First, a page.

US congressional leaders reached a two-year budget deal to raise government spending by almost $300 billion, a rare display of bipartisanship that is positive for risk sentiment but is also widening the federal deficit sharply.
"The scale of increase was much larger than what markets were expecting just a few months ago. It will have as big impacts as tax cuts. Since the markets haven't priced this in yet, US bonds could be sold for another week or so," said Tomoaki Shishido, fixed income analyst at Nomura Securities.
The 10-year US Treasuries yield jumped back to 2.813 per cent, near Monday's four-year peak of 2.885 per cent.
That is keeping investors nervous, with the prospects of rising interest rates around the world triggering a massive selloff in equities in the past few days. The rising costs of dollar funding is detrimental to firms not just in the United States but around the world.
MSCI's broadest index of Asia-Pacific shares outside Japan dipped 0.1 per cent in early Thursday trade, staying near its six-week low touched on Tuesday.
Japan's Nikkei gained 0.6 per cent, though it was still down more than six percent so far this week.
MSCI's broadest gauge of the world's stock markets has lost ground in seven of the last eight sessions until Wednesday, a period in which it slumped 6.8 per cent.
US stocks ran out of steam on Wednesday after an early surge, with the S&P 500 ending down 0.50 per cent and the Nasdaq Composite losing 0.9 per cent.
The Cboe Volatility Index, known as the VIX and often seen as investors' fear gauge, fell 2.3 points to 27.73, but that was still more than twice the levels generally seen in the past few months.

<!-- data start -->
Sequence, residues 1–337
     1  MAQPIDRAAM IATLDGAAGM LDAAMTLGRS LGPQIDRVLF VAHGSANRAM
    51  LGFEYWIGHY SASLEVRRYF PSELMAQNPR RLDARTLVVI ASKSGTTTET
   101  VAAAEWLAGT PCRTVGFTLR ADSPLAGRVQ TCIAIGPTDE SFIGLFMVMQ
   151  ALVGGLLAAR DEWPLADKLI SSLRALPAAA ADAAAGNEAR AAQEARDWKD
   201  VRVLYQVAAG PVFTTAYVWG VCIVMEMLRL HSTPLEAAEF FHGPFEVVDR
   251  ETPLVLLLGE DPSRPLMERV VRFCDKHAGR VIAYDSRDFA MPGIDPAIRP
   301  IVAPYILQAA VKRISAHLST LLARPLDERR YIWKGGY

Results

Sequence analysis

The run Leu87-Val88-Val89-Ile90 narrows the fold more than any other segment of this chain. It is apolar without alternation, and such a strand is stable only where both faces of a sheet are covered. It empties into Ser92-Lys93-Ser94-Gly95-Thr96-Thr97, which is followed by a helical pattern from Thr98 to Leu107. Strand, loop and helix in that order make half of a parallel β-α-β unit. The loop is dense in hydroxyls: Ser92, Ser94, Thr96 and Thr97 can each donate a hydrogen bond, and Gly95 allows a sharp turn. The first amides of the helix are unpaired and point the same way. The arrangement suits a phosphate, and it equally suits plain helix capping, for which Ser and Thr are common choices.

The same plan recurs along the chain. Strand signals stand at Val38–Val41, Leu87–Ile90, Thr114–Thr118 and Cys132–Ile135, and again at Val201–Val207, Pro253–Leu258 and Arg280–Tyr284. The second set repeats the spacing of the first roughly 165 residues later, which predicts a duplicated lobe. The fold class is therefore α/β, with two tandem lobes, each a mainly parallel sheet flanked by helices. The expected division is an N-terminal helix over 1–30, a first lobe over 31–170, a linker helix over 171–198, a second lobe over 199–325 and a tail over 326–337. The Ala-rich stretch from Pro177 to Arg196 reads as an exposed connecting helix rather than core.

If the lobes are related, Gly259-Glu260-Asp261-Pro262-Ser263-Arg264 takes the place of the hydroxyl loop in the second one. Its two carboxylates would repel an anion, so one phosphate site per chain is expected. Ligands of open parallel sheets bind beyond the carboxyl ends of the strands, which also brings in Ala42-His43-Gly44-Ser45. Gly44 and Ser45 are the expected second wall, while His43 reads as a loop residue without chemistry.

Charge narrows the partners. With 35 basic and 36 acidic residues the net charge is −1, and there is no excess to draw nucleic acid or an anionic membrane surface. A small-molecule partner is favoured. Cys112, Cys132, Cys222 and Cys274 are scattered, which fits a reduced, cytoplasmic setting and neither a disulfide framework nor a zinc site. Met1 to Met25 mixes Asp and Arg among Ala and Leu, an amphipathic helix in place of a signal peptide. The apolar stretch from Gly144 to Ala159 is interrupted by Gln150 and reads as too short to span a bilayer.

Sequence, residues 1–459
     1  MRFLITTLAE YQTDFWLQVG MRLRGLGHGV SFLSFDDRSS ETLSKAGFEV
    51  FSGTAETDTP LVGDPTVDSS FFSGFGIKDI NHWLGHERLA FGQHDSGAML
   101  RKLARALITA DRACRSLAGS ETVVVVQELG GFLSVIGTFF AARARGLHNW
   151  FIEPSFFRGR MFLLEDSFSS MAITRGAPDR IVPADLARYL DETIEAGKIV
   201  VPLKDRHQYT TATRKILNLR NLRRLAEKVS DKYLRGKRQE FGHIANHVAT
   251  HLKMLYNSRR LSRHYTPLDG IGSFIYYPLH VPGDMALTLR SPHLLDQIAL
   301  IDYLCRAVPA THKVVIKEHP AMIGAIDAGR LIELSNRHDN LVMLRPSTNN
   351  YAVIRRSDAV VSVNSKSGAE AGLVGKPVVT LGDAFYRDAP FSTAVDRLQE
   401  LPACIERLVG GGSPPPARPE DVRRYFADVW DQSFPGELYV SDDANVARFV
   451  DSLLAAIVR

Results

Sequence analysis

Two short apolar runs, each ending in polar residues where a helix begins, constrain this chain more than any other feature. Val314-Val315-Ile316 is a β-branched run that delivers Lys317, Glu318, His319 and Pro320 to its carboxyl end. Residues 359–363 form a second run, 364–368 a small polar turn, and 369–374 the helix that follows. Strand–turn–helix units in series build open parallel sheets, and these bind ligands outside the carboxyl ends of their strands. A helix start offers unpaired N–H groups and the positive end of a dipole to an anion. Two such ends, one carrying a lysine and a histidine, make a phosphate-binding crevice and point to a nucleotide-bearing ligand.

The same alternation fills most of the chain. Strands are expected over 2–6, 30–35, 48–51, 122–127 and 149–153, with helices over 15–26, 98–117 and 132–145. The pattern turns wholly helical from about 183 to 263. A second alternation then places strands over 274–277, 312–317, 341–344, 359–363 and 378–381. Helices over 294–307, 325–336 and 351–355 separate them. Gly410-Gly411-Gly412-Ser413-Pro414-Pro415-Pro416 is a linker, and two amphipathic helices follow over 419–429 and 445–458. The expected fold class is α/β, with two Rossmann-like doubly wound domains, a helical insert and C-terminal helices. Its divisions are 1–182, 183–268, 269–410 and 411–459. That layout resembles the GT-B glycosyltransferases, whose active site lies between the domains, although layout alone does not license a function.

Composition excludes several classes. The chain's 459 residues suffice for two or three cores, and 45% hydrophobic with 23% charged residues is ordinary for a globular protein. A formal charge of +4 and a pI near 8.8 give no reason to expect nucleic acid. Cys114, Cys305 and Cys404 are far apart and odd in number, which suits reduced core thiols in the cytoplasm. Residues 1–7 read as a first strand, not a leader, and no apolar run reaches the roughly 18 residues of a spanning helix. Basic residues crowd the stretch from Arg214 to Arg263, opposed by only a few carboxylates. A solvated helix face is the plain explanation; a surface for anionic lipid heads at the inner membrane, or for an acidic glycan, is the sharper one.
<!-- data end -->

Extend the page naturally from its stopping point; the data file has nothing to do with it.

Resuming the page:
The dollar gained after the debt ceiling deal in Washington, rising against a broad range of currencies.
The dollar index rose to a two-week high of 90.403 on Wednesday and last stood at 90.291.
Southern European government bond yields tumbled on Wednesday, after Germany's pro-European, pro-spending Social Democratic party took the finance ministry in a coalition government.
The dollar stood at 109.41 yen, recovering from Wednesday's low of 108.92.
The New Zealand dollar fell to four-week lows after New Zealand's central bank lowered its forecasts for inflation right out to 2020 while saying volatility in equity markets this week was a warning sign that global markets are nervous about the risk of higher inflation and rising interest rates.
The kiwi fetched $0.7230 after having slumped to $0.7209, a low last seen on January 11.
Precious metals also dipped, with gold hitting a four-week low of $1,311.6.
One outlier was the Chinese yuan, which continued to strengthen, with the Thomson Reuters/HKEX Global CNY index hitting a two-year high, having risen 1.7 per cent already during the first week of February.
Oil prices fell after US data showed a build in inventories and record high crude production, raising worries of more selling.
Brent crude futures tumbled to a six-week low of $65.16 $ per barrel.
US crude futures hit one-month low of $61.25 per barrel and last traded at $61.65.
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